China’s presence on the global stage is becoming ever more prominent. We believe its representation in benchmark indexes is far below its economic and technological importance, as shown in the first chart. Trade volumes and direct investment inflows - both at record highs – show little sign of U.S.-China trade tensions impeding the country’s rise.
This information is not intended as a recommendation to invest in any particular asset class or strategy or as a promise - or even estimate - of future performance. Indexes are unmanaged and do not account for fees. It is not possible to invest directly in an index Sources: BlackRock Investment Institute and IMF, with data from Datastream Refinitiv, June 2020. Notes: The left chart show shows China’s representation across major macro and market metrics. We use the Bloomberg Barclays Global Aggregate Index and MSCI ACWI equity index as proxies for global bonds and equities respectively. The right chart shows each region’s combined share of global GDP on a purchasing power parity basis.
A nuanced picture
The path forward for U.S.-China relations may be more predictable under U.S. President Joe Biden’s administration compared with recent years. The U.S. and China have committed to working together to tackle climate change, suggesting some re-engagement on key global issues. Yet we believe the strategic rivalry between the two powers – across multiple dimensions – is likely to persist.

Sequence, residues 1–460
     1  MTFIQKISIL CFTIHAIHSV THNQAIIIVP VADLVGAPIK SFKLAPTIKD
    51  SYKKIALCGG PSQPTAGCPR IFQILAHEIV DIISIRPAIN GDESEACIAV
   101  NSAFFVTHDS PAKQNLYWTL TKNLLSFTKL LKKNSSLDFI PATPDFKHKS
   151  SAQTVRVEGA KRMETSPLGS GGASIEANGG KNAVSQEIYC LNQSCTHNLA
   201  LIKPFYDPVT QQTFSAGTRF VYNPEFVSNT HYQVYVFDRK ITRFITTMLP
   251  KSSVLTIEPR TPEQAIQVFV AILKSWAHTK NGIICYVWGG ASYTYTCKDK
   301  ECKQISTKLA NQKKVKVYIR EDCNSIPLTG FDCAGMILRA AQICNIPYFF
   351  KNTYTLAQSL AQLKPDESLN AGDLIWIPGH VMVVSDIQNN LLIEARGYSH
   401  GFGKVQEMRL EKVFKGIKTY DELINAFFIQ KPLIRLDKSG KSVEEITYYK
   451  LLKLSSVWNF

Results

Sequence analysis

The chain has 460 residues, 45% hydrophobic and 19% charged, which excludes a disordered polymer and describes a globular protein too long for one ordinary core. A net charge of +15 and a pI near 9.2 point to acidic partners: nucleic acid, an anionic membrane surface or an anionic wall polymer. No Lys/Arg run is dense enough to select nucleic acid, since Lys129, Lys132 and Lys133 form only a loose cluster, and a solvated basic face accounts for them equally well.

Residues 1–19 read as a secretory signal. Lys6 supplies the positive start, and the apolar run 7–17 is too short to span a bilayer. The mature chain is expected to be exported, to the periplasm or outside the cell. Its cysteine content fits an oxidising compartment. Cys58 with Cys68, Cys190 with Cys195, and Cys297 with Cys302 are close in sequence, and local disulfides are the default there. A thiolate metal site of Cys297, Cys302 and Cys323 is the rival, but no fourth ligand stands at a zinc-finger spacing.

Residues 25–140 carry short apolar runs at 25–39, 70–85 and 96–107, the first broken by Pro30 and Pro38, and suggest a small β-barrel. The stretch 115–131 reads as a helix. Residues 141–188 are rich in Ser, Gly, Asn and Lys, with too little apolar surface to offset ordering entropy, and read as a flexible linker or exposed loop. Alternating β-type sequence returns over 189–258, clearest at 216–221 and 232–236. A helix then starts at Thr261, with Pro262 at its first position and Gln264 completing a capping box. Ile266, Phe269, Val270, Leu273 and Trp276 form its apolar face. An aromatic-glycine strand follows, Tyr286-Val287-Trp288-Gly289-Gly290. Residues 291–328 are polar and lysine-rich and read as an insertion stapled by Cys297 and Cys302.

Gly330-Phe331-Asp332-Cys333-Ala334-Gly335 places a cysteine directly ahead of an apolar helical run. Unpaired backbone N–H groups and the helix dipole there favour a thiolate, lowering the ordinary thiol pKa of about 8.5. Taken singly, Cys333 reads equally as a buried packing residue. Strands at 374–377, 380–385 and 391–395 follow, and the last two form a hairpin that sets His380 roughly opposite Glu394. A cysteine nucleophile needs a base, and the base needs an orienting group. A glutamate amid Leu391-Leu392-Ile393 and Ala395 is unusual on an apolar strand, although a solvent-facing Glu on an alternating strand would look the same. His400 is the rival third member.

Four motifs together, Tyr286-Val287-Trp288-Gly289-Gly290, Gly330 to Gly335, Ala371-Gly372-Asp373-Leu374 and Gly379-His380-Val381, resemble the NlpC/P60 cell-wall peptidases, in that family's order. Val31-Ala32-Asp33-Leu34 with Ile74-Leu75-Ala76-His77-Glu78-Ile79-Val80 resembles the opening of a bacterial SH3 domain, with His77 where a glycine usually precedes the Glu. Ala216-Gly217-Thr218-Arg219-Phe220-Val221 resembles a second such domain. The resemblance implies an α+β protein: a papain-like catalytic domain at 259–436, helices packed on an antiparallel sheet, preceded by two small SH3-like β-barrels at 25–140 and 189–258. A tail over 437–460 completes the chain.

Economically, China has an ambition to double GDP by 2035 – surpassing the U.S. and firmly shifting the center of gravity for global growth to Asia in coming years. See the chart above on the right. China’s wide-ranging plans touch many flash points in the U.S.-China relationship, with the Covid pandemic amplifying each country’s focus on economic resilience. Secure supply chains and self- sufficiency in critical technologies and industries are a strategic priority and could drive a rewiring of global trade. Intensifying competition on key technologies, such as 5G and semiconductors, is one example.